On the one hand, the language of Section 265 is clear that expenses arising from income which is wholly exempt is a clear bar to a business expense deduction. That surface level interpretation would encompass PPP loans provided by the CARES Act. But, when considered on a practical level and within the overriding CARES Act policy context, it does not seem fair to provide financial aid to businesses, but not extend it in the form of real tax relief.
When considering the practicality of the situation, for a government program designed to help businesses and employees stay afloat during an economic crisis, disallowing normal business deductions would be counterproductive. For many businesses, their financial health is at least partially dependent on deducting business expenses, so to provide aid and then disallow these deductions would put many taxpayers in just as severe of a financial situation as not receiving the federal relief at all. Additionally, for those that argue a taxpayer will know before filing returns whether it has met the requirements for PPP loan forgiveness, with the continued uncertainty around how and when economic markets will reopen, this argument poses the threat of treating similarly situated taxpayers differently, as there is a high likelihood that some businesses will suffer additional financial losses through the remainder of 2020 and may not know with certainty if they will be able to have the full amount of their PPP loans forgiven. Lastly, it is argued that because the CARES Act does not expressly bar deductions of normal business expenses nor provide that Section 265 specifically applies, this should be interpreted to mean that such practices are allowed. Just as Congress has waived the inclusion of forgiveness of debt in gross income, one could reason that it should be interpreted that if it intended to disallow normal business deductions to be taken against forgivable PPP loans, it would have expressly addressed it.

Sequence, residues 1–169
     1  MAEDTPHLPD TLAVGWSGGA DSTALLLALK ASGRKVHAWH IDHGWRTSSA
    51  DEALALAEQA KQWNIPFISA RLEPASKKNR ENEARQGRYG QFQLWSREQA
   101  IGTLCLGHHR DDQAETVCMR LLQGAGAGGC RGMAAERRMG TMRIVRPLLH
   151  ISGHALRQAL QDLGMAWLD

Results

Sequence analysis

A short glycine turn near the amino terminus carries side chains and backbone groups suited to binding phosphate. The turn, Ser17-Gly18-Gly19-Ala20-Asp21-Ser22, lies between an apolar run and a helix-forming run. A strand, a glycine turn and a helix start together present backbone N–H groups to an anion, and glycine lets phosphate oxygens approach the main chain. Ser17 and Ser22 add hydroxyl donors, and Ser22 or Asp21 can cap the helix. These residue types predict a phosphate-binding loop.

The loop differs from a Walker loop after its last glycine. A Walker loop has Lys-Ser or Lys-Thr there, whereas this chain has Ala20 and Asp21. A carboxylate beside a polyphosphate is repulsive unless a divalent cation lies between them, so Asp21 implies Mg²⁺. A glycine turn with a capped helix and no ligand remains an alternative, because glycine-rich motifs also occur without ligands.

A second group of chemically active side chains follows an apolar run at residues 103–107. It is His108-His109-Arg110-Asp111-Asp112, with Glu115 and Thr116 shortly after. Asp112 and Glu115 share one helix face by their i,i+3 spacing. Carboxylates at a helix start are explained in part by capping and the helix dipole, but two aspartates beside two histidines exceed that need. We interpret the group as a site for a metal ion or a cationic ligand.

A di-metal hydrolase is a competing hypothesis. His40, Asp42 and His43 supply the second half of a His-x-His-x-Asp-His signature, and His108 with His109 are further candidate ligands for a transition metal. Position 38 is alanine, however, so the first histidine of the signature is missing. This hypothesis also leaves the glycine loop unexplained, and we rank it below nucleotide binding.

Now that the IRS has voiced its opinion, it will be interesting to see if Congress backs this position or provides supplemental guidance. As for now, businesses should consider this tax consequence when applying for and using PPP loan funds.
We continue to monitor and report the development of guidance and legislation as the novel coronavirus continues to shape the economic climate. For more information as to how the COVID-19 pandemic may be affecting your business, please contact Mark Sommer, Rachel Chamberlain, Elizabeth Mosley or any member of Frost Brown Todd’s Tax practice. You can also visit our Tax Law Defined Blog to get the latest updates on federal, state and local tax administration.